Griffith University’s PrESM Research Group leading the race to track down gully erosion hotspots
In June 2018, the Queensland Water Modelling Network commissioned a consortium to develop and deliver a program of activities to help build the capacity of water modelling and user expertise in Queensland, facilitate engagement across the full range of actors in the Queensland water-modelling ecosystem and stimulate innovation in all aspects of water modelling and use.
This program of activities is termed the External Engagement Program (EEP). The consortium engaged by the QWMN to deliver the EEP includes: the International WaterCentre (consortium lead), Griffith University, The University of Queensland, Queensland University of Technology, University of Southern Queensland, the Australian Institute of Marine Science (AIMS) and QCIF.
The EEP has been running for over a year now and its effects are already being seen through a range of outputs and outcomes, this website included. EEP outcomes can be thought of in terms of three categories:
Improving the capacity of the QLD water modelling and use sector is based upon growing and maintaining a sufficiently large, highly skilled and knowledgeable workforce. Also critical is a blend of technical and communication and collaboration capabilities to
The EEP has produced workforce development outcomes, including:
Innovation occurs through the effective operation of networks, the exchange of knowledge and identification, and the creation and translation of opportunities to do things differently into reality. As a consequence, improving the capacity of the water modelling and use sector in Queensland to innovate requires and relies on there being a high-level of awareness of what other actors do across the sector and on there being opportunities for actors to meet, learn about each other and to connect. From such connections, collaborations may emerge, and from collaborations come innovations.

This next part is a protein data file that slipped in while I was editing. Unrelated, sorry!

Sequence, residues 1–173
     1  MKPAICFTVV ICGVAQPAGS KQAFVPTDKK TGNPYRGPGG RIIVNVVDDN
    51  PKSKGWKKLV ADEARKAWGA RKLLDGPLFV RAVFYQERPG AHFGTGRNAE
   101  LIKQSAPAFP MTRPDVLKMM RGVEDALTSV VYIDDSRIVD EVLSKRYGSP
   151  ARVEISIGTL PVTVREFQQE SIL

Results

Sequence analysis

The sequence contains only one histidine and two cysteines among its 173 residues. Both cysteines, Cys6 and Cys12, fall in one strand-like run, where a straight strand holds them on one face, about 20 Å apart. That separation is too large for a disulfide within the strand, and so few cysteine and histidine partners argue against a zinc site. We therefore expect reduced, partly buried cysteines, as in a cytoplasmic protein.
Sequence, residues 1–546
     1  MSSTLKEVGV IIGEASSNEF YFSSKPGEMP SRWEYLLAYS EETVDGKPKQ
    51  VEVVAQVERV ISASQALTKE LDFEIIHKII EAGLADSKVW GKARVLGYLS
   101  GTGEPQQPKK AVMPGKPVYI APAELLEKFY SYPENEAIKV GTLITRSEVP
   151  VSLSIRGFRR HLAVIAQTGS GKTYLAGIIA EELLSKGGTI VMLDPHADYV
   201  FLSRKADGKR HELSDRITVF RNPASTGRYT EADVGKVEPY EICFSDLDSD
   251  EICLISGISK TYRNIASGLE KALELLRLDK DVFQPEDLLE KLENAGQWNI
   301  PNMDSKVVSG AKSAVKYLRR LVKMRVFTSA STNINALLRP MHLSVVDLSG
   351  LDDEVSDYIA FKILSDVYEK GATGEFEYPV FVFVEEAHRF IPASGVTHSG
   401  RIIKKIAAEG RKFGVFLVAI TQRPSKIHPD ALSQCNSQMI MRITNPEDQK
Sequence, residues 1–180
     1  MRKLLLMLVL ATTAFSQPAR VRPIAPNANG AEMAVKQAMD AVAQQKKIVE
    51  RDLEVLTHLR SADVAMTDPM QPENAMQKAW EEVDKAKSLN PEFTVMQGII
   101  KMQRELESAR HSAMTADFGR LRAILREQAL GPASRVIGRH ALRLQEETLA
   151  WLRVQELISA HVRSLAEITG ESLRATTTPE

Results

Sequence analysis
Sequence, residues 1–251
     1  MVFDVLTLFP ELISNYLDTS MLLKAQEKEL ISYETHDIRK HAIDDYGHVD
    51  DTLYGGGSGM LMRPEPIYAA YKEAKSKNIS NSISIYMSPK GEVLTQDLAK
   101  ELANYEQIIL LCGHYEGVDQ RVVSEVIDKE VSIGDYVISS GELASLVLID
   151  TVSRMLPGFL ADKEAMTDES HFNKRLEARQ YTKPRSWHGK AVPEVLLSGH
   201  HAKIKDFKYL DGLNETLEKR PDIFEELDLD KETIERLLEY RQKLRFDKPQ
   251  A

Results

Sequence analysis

The EEP has raised awareness and created connections across the sector in multiple ways, including:
Innovation, in terms of changes in practice, which arise from the use of new products (e.g. new models) and/or the use of new processes (e.g. ways of planning or deciding) requires connections and collaborations, both within and across organisations and across the various roles that sector participants have.
Sometimes this is viewed as “knowledge transfer”, but of course, knowledge isn’t a substance that can be transported. Rather, “knowledge transfer” means learning – learning by individuals in one department or organisations from what happens in another department or organisation, in terms of institutionalised know-what, know-why or know-how. For such learning to occur effectively and efficiently and in a way that aligns with and supports organisational action, deliberate and planned action is needed. However, learning can also be enabled to occur more organically, through mechanisms that create the space for individuals from different organisations and/or professional or disciplinary backgrounds to jointly create an understanding of what needs to be done to make things better.
Innovation also requires status and recognition, so that bright minds are attracted to invest effort into creating new ways of thinking and doing, in collaboration with others.
The EEP has generated enabling and catalysing innovation outcomes, including:
A full report on the Outcomes of the External Engagement Program is available here.